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Proper PPE: What’s In and What’s Out?

Facilities Policies Safety

To protect the health and safety of research personnel, the animals entrusted to our care, and the larger U-M research community, Personal Protective Equipment (PPE) is required when working in and around animal facilities.

Required PPE for individual rooms and circumstances is based on an Environment, Health & Safety (EHS) risk assessment that takes into account:

  1. The type and quantity of hazardous materials present,
  2. Engineering controls (e.g., fume hood, snorkel) in place, and
  3. Administrative controls (such as limiting the amount of time handling materials or limiting access) to reduce exposure.

Inside Animal Care Facilities

All personnel entering an animal care facility are responsible for wearing appropriate PPE. To determine what is considered appropriate PPE, individuals should:

  • Refer to information provided in the EHS Animal Handler PPE Chart
  • Comply with EHS Safety Findings outlined in the eRAM protocol workspace
  • Follow directions on all posted signage for specific room entry instructions and appropriate donning/doffing procedures
  • Adhere to the PPE recommendations determined by EHS in consultation with Occupational Health Services, which account for an individual’s personal medical history and potential exposure risk(s)

Outside Animal Care Facilities

While the donning of appropriate PPE is critical for minimizing exposure to hazards INSIDE the laboratory and animal use area(s), NOT wearing PPE outside of these designated areas is just as important.

Locations where it is inappropriate to wear PPE include:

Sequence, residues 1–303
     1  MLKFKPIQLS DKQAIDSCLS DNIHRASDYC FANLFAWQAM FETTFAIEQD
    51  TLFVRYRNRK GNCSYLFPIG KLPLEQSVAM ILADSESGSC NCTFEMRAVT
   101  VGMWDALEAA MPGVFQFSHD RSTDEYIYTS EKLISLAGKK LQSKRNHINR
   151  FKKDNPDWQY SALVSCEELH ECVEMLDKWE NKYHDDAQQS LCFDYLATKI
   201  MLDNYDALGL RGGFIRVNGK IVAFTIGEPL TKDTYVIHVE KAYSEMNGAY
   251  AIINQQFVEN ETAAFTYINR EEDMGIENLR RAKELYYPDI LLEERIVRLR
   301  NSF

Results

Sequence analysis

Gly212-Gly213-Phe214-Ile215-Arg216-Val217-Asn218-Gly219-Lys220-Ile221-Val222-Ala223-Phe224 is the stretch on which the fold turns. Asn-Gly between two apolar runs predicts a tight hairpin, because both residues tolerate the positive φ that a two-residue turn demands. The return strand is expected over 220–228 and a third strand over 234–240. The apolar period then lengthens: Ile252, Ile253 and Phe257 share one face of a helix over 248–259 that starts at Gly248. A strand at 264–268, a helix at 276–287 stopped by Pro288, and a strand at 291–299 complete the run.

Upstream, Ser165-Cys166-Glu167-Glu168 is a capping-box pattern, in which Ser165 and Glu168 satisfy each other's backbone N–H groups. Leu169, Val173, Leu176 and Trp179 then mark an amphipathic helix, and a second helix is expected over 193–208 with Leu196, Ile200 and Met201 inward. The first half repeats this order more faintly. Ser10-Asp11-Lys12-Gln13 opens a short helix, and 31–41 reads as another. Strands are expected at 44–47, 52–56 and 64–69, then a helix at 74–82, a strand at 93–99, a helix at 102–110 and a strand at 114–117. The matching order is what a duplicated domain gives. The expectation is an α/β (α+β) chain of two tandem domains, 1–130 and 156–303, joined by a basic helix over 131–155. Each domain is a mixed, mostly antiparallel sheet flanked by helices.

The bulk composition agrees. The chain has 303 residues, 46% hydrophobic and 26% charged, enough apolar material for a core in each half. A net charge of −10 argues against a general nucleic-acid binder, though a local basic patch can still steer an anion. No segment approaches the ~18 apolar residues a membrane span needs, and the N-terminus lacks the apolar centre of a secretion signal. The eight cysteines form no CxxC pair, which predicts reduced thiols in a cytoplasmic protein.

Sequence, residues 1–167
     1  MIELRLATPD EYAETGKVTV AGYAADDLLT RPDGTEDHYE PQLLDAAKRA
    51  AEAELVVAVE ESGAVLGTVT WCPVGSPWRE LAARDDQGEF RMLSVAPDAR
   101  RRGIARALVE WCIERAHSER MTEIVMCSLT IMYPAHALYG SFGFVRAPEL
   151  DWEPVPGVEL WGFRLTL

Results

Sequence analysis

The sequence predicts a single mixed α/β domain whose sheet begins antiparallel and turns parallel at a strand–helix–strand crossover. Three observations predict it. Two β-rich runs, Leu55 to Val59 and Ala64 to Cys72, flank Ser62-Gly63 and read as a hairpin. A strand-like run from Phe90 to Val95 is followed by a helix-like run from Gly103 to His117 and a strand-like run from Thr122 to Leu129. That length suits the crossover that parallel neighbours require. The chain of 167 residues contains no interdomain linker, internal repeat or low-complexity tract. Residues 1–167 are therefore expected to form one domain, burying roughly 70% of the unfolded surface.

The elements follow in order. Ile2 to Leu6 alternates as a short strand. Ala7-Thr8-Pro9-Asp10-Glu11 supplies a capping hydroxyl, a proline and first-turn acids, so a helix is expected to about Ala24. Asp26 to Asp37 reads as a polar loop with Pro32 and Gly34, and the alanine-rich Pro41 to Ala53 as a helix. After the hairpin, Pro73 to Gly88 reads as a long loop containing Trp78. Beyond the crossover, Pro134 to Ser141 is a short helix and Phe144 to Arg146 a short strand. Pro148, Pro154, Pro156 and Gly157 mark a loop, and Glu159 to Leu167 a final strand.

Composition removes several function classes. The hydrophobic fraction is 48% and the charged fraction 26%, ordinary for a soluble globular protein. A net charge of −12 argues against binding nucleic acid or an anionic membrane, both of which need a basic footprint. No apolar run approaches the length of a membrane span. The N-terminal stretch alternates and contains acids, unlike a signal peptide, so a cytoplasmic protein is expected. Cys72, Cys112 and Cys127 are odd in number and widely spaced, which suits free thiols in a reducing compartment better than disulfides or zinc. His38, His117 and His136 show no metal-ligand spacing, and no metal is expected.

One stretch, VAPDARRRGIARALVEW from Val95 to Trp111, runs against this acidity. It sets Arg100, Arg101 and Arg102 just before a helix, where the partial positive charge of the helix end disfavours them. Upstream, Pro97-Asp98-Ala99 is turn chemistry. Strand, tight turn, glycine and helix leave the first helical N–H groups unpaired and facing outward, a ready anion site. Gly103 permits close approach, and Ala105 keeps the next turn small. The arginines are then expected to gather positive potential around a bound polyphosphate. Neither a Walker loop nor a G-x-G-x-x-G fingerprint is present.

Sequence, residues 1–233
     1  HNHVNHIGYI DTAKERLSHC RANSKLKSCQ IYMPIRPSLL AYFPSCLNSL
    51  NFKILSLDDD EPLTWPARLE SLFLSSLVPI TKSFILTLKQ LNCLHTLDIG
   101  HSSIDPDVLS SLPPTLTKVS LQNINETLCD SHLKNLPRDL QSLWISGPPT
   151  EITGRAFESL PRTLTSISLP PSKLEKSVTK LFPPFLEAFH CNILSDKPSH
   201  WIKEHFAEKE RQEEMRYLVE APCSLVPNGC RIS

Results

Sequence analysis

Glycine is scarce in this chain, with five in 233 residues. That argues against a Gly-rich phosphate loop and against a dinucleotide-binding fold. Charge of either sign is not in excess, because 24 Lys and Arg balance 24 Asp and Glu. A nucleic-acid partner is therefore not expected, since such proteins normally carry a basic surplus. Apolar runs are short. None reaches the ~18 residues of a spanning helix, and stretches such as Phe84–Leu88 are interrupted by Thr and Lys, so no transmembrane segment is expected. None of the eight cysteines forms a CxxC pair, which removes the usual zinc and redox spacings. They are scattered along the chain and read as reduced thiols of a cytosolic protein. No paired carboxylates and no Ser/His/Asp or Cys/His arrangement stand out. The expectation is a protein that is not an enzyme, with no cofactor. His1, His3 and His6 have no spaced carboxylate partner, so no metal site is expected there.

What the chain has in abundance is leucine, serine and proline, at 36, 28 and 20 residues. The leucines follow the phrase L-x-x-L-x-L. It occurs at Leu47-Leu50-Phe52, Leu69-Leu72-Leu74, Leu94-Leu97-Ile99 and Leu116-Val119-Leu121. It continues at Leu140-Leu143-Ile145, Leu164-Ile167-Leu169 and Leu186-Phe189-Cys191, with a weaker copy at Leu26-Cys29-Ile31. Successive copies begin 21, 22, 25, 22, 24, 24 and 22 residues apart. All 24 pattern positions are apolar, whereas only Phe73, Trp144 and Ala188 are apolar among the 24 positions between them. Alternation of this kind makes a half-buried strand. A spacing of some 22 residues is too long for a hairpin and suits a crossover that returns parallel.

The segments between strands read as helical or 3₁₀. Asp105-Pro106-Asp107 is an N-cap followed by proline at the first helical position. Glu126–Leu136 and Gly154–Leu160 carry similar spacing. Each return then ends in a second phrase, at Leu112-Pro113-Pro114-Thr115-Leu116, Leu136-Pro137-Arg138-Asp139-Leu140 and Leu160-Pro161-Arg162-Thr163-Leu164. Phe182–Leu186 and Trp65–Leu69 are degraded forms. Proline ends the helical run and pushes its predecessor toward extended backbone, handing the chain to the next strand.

• Elevators,
  • Restrooms,
  • Corridors/hallways, and
  • Other areas outside of the laboratory.

When individuals are seen wearing PPE – such as gloves and lab coats that are normally reserved for laboratory/research use only – in public spaces, the general perception is that the individual has been handling something that is potentially harmful.

Remember, chemical and biological contaminations may not always be visible. Therefore, removing PPE before leaving your work area – regardless of visible soiling – and using assigned outer coverings (i.e., gowns) inside an animal facility will help eliminate the risk of cross-contamination.

These safeguards will also protect the larger U-M community from potential exposure to animal allergens or other hazards that may be carried on soiled lab coats, gowns, and/or scrubs.

Individual departments should make arrangements to have protective clothing professionally laundered at a commercial company (i.e., Cintas, Sohn Linen) that is equipped to provide these services.

Lab coats, uniforms, and other dedicated PPE should NOT be laundered at home.

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Where to Learn More

Finally, don’t be afraid to remind and educate others you see who may be wearing PPE incorrectly. In order to maintain a safe and controlled research environment we need everyone to do their part!

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